There are good bits to this issue. Slott allows himself more moments to flaunt his knowledge of characters and continuity trivia with mentions of Nick Katzenberg, Joy Mercado and the infamous “Parker/Palmer” slip from the Stan Lee era. It’s hard for me not to see the writer puffing out his chest with pride with moments like these, but they work well for the story. Peter’s losing his memories and, were he a real person, tries to run through the memory databanks and keep his head together.
The art from Ryan Stegman is also quite strong. He reins himself in during the small moments, and explodes with energy during the action scenes. Panels such as the Superior vs. Amazing Spider-Men fight suck you in, especially with the nice touch of having the background bleed into all black, making the fight more intimate and personal.
By the end however, this issue just leaves a bad taste in my mouth with it’s implication that Peter Parker would risk a child’s well being to save his own skin. There are multiple theories on this, ranging from excusing to reasonable. A popular one is the idea that what we’re seeing isn’t Peter Parker at all, but a manifestation of Peter’s memories in Ock’s brainwaves that has created itself. It’s essentially Alan Moore’s take on Swamp Thing. Others have commented that if this is the real Peter, trying to save himself at the cost of a little girl is actually a humane, natural thing for someone to do.
My thought is that no matter what the real explanation for the scene, we are supposed to be left with the idea that Ock is morally superior than Peter. After everything we’ve seen Ock do as Spider-Man, this insinuation is particularly damning. It’s another example of why I don’t like Slott’s take on Peter. He can write the character well enough when he wants too, but if he’s not writing him as hyperbolic and spastic, he writes him as whiny and reactionary to the point where it stops being the character. The idea of Peter being a relatable everyman has in my opinion been used as an excuse to make him less and less of the hero the past 50 years of history have forged him to be. This to me seems like another instance where someone is trying to keep him in step with that notion of relatability and making him unlikable compared to how we’ve seen the character portrayed in the past.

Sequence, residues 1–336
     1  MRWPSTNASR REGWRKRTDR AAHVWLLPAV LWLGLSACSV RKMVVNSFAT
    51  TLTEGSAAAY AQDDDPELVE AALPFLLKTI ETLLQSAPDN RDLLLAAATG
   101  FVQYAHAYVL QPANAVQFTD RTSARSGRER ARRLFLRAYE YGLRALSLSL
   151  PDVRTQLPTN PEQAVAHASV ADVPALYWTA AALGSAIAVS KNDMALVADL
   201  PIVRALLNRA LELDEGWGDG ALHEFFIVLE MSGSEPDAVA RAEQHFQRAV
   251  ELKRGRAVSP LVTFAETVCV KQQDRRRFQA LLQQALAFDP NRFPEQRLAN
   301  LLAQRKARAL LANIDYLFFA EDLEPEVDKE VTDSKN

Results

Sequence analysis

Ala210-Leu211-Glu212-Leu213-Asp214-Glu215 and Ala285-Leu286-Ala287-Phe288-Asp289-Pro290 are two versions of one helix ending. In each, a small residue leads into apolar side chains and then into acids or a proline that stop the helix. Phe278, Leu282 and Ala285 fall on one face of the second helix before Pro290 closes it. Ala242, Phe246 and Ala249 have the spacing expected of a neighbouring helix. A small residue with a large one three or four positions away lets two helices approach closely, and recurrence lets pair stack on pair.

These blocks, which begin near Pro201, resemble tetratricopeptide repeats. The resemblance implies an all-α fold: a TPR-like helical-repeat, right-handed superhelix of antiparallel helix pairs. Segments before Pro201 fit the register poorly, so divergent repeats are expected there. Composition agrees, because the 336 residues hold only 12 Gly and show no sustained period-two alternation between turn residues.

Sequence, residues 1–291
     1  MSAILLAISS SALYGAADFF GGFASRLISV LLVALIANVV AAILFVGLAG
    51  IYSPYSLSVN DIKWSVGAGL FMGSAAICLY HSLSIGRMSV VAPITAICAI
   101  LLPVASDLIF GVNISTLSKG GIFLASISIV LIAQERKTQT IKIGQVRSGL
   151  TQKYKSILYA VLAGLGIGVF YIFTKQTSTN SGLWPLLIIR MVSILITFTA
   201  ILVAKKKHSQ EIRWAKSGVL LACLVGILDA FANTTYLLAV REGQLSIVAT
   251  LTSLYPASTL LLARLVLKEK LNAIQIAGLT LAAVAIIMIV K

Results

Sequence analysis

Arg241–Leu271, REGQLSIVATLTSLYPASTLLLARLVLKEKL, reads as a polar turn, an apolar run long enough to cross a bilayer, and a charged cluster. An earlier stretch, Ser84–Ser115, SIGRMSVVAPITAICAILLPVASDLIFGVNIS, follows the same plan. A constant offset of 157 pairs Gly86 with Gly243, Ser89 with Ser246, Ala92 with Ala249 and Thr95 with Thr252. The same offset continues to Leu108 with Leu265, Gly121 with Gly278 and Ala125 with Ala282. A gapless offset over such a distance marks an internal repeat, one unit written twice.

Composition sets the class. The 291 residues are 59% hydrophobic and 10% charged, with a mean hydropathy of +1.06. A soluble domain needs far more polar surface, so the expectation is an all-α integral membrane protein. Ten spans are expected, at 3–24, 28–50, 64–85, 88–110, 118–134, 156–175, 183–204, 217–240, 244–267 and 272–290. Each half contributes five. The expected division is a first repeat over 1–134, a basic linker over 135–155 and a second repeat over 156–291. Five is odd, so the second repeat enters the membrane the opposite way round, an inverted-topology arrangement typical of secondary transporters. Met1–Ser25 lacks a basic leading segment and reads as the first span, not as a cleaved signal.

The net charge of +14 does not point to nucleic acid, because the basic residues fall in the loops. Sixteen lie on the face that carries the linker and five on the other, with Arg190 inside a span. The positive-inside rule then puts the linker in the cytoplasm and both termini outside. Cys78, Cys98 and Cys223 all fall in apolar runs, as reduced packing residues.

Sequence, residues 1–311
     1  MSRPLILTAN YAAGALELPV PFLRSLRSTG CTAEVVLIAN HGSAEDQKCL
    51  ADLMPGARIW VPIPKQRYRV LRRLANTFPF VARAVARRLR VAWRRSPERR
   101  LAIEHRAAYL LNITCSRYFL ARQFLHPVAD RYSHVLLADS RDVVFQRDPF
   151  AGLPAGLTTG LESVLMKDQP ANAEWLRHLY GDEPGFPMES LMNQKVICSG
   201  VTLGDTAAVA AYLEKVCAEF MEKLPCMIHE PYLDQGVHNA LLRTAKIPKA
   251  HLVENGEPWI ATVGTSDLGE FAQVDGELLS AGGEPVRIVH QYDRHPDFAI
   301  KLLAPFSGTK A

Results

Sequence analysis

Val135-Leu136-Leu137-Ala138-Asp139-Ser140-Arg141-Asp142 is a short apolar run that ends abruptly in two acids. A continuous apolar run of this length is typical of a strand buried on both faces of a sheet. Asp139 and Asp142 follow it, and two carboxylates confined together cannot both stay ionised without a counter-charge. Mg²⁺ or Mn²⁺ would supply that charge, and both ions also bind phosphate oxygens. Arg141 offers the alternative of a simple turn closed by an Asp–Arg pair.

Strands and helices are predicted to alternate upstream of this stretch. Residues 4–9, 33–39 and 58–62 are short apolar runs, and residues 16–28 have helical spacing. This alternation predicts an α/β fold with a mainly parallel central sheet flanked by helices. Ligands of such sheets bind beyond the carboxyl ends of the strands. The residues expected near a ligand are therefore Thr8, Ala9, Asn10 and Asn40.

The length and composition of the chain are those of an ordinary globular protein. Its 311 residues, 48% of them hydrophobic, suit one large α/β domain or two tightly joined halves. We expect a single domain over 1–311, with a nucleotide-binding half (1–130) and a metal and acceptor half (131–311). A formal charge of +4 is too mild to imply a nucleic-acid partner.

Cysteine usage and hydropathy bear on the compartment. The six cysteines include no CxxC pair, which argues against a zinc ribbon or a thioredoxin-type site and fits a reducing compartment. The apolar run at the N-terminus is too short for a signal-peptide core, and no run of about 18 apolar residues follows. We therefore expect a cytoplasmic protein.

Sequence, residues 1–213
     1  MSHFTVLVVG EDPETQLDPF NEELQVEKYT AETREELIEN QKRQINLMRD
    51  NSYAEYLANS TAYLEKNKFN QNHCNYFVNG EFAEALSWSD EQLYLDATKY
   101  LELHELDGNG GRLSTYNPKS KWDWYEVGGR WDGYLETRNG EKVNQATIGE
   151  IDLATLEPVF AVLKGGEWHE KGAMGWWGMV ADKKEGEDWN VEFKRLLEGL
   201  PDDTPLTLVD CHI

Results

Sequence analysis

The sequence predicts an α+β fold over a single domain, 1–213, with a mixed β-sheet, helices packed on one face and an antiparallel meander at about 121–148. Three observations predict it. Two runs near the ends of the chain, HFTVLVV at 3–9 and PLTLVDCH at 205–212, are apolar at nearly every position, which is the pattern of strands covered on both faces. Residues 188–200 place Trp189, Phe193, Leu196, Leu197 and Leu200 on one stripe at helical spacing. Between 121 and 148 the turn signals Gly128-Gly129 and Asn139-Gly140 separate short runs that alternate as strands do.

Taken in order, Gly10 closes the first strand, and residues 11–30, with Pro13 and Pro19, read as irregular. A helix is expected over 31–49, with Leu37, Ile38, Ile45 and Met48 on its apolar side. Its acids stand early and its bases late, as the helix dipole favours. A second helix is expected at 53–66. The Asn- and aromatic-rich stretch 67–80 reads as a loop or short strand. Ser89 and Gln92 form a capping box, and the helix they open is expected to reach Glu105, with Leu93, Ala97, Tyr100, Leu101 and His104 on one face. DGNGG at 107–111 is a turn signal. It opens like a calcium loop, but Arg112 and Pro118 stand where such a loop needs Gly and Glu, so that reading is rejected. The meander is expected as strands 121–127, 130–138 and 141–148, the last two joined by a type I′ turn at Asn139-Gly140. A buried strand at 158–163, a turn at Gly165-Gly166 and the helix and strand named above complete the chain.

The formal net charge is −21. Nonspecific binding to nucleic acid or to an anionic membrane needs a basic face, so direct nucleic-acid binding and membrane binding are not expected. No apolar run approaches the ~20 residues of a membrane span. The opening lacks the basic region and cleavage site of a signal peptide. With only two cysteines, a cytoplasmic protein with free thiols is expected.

When this issue was first solicited, Marvel advertised it as a more anger-inducing story than #700. I don’t know if they were referring to the fact that Peter predictably lost or that the way he lost revealed him to be an utter wuss. The fact remains that this story, as it always has been, was sold on sensationalism to the point where its storytelling has forgone established characterization whenever convenient and varies from issue to issue. The reason I left reviewing the title after #700 is that based on reading Dan Slott’s run up to that point I figured the potential of Ock running around as Spider-Man would be lost in a cloud of nonsense and style over substance. Several months later, I have yet to be proven wrong.